Last month I wrote about the implied inequality (between men) in gonzo patriarchy. In reading through the footnotes for Leonard J. Arrington's Great Basin Kingdom: Economic History of the Latter-day Saints, 1830-1900, I came across this bizarre take on polygamy.
"So far is polygamy from being opposed in spirit to democracy, that it is impossible here, in Salt Lake City, not to see that it is the most levelling of all social institutions--Mormonism the most democratic of religions. A rich man in New York leaves his two or three sons large property, and founds a family; a rich Mormon leaves his twenty or thirty sons a miserable fraction of his money, and each son must trudge out into the world, and toil for himself. Brigham's sons--those of them who are not gratutitously employed in hard service for the Church in foreign parts--are cattle-drivers, small farmers, ranchmen. One of them was the only poorly clad boy I saw in Salt Lake City. A system of polygamy, in which all the wives, and consequently all the children, are equal before the law, is a powerful engine of democracy." Sir Charles Dilke, M.P., Great Britain: A Record of Travel in English-Speaking Countries..., (2 vols.; 2nd ed.; London, 1869), I, 179. [p. 481, fn. 18]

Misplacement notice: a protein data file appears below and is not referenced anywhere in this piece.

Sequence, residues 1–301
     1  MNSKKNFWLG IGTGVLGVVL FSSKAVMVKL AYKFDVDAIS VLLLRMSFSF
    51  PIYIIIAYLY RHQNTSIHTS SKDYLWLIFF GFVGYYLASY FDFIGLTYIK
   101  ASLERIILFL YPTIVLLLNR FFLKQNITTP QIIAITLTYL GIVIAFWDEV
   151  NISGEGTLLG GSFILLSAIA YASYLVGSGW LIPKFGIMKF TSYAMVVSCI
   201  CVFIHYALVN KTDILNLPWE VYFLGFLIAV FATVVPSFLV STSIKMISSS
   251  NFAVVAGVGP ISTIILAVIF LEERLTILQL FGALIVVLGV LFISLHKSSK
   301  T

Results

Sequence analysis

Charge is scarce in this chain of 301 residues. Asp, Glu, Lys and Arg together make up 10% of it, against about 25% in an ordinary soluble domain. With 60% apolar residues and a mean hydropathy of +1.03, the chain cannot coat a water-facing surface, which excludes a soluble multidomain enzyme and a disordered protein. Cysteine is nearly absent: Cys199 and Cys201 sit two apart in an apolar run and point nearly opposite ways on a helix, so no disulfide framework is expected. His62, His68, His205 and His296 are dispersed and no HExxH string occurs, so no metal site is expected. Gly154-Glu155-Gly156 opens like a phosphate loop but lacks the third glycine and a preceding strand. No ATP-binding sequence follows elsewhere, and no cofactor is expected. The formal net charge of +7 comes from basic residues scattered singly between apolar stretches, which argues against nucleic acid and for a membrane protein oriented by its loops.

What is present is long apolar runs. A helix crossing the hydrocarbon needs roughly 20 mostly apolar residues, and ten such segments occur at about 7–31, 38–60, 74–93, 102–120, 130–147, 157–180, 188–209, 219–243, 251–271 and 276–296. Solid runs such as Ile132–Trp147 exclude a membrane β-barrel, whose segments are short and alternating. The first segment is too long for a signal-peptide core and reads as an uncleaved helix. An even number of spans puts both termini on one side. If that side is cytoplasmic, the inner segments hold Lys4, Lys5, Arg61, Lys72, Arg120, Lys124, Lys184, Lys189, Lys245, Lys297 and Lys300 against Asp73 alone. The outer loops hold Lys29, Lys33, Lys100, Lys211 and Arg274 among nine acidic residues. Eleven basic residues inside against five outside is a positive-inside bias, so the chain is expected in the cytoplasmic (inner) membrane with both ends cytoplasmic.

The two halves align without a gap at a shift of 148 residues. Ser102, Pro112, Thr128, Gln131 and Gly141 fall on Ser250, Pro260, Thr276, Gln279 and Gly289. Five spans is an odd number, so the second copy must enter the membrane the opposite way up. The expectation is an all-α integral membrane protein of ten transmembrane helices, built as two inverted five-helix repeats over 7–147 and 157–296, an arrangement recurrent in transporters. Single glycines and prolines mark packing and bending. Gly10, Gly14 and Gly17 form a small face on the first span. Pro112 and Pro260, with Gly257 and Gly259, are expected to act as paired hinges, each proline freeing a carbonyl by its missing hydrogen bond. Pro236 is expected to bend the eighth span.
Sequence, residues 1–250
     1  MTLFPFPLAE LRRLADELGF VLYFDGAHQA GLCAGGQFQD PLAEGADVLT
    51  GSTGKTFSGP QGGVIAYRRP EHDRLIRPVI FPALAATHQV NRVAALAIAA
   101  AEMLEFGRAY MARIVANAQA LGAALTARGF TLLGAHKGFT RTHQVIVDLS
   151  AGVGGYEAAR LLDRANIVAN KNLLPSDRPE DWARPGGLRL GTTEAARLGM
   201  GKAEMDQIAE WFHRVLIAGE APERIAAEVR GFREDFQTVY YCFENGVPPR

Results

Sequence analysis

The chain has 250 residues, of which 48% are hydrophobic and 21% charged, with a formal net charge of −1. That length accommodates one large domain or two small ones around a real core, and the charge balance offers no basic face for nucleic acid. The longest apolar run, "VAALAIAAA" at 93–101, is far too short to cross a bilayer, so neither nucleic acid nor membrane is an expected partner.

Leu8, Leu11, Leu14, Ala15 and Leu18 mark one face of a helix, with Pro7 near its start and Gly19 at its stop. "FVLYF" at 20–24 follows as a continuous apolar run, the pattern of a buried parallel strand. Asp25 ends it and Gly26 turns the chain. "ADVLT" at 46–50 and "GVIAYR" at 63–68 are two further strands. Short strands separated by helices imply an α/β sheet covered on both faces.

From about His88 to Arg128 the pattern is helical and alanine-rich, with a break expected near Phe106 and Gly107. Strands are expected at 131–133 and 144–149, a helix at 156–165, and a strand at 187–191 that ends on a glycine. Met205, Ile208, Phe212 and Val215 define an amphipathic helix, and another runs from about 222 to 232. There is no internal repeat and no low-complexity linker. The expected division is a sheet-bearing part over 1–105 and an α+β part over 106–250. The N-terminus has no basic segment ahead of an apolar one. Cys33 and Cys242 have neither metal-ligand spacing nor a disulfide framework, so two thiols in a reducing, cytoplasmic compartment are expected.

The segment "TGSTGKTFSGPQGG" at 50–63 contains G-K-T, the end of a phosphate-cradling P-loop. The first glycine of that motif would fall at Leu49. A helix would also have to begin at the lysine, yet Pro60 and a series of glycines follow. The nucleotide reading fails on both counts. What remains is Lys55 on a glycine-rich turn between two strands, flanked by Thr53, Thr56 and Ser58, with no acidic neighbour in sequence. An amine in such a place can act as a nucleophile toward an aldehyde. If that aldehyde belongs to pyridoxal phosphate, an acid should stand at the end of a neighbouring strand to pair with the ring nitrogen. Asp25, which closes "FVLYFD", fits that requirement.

That's fine for impoverishing the polygamist's heirs, but what about the fact that he has "twenty or thirty sons" while others now have none because they can't get a wife? And as for the effect on democracy, given the inheritability of political affiliations, and the negligable effect of money on political outcomes, isn't the concentration of heirs at least as much of a burden on democracy as the concentration of money?